The role of gastrin or gastrin-related peptides as an autocrine growth factor in colorectal cancer is also controversial (Baldwin 1995; Rehfeld 1995; Baldwin & Shulkes 1998a & b; Smith & Watson 2000b). In patients with hypergastrinemia due to either atrophic gastritis (Brinton et al. 1989; Creutzfeldt & Lamberts 1991; Maton 1995) or Zollinger-Ellison syndrome (Sobhani et al. 1993; Orbuch et al. 1996; Smith & Watson 2000b) in most studies, there is no increased occurrence of either colonic adenomas or cancers. However, in patients with Zollinger-Ellison syndrome there was increased rectal cell proliferation found in one study (Renga et al. 1997) and colonic mucosal cell proliferation in a second study (Sobhani et al. 1993). In vitro studies generally do not support a role for an autocrine loop involving amidated gastrin in colorectal cancers (Baldwin & Shulkes 1998b). However, the possibility of an autocrine loop involving non-amidated gastrins is still an open question and is supported by some studies using gastrin antisense constructs (Baldwin & Shulkes 1998b; Singh et al. 1996).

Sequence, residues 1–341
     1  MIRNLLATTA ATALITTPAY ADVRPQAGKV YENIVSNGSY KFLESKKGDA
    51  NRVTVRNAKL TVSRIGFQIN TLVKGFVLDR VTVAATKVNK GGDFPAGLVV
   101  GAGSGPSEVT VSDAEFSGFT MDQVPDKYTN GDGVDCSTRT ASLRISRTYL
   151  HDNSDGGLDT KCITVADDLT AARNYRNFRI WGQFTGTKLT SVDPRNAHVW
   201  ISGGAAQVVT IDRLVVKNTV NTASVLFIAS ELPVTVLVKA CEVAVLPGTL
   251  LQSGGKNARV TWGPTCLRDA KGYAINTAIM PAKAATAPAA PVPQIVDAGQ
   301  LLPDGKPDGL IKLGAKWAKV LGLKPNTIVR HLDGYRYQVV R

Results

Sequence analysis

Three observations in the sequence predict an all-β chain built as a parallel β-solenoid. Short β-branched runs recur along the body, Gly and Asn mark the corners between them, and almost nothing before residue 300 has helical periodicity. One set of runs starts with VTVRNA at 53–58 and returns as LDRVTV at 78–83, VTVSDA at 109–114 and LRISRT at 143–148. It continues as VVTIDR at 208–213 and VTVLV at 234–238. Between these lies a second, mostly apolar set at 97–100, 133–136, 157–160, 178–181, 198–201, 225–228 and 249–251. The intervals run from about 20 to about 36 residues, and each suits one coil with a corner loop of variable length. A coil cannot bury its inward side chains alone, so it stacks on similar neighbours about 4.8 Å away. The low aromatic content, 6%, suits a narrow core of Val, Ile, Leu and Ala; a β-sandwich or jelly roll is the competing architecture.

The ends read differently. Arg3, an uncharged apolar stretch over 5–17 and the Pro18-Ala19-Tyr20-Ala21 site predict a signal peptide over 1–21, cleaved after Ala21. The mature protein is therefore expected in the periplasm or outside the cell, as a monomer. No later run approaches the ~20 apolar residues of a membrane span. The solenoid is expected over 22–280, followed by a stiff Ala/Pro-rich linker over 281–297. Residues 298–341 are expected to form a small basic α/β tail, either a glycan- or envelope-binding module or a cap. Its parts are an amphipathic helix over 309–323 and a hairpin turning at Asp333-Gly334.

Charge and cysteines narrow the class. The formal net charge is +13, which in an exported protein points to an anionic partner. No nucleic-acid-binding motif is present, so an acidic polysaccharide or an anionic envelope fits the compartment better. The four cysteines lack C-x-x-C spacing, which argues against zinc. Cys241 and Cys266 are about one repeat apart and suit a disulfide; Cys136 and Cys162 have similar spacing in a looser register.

At present, there are no published results of large prospective trials in patients with colorectal cancer attempting to assess the possible therapeutic effect of inhibiting the action of gastrin. Recent studies show that antibodies directed against the amino terminus of gastrin, which inhibit gastrin-17 and glycine-extended forms of gastrin-17, decrease the growth or development of colorectal tumours in a number of experimental models (Smith & Watson 2000b; Watson et al. 2000; Watson & Gilliam 2001; Watson & Smith 2001). This is accomplished in vivo by administering gastrimmune, a conjugate of diphtheria toxoid and gastrin-17 (1–9) (Smith et al. 2000; Smith & Watson 2000b; Watson et al. 2000; Watson & Gilliam 2001; Watson & Smith 2001). Recently, results of a phase II multicenter, sequential group, open label study involving 50 patients with advanced colorectal cancer was reported (Smith et al. 2000). The study involved a primary and two booster intramuscular injections of gastrimmune. Eighty percent of the patients produced a measurable antibody response and the treatment was well tolerated systematically; however, 46% had myalgias at the injection site and 14% developed a sterile abscess at the injection site. Two of 14 patients assessed demonstrated disease stabilization (Smith et al. 2000). At present, additional studies are needed to determine whether this approach alone or in an adjuvant setting has a role in the treatment of colonic cancer or other cancers (gastric, pancreatic) which in experimental studies gastrin-related peptides affect their growth. In one study (Morris et al. 1990) the effect of the non-selective CCKB receptor antagonist, proglumide, was assessed in 41 patients with advanced colorectal cancer. Proglumide did not alter survival or increased tumour regression.